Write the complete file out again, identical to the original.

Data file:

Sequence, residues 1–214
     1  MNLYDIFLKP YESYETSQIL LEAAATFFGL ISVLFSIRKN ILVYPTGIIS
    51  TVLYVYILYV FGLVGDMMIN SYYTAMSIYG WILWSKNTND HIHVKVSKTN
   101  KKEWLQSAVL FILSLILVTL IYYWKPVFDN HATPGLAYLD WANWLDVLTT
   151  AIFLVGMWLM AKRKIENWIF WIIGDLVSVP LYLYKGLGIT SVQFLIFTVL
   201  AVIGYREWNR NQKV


Sequence, residues 1–214
     1  MNLYDIFLKP YESYETSQIL LEAAATFFGL ISVLFSIRKN ILVYPTGIIS
    51  TVLYVYILYV FGLVGDMMIN SYYTAMSIYG WILWSKNTND HIHVKVSKTN
   101  KKEWLQSAVL FILSLILVTL IYYWKPVFDN HATPGLAYLD WANWLDVLTT
   151  AIFLVGMWLM AKRKIENWIF WIIGDLVSVP LYLYKGLGIT SVQFLIFTVL
   201  AVIGYREWNR NQKV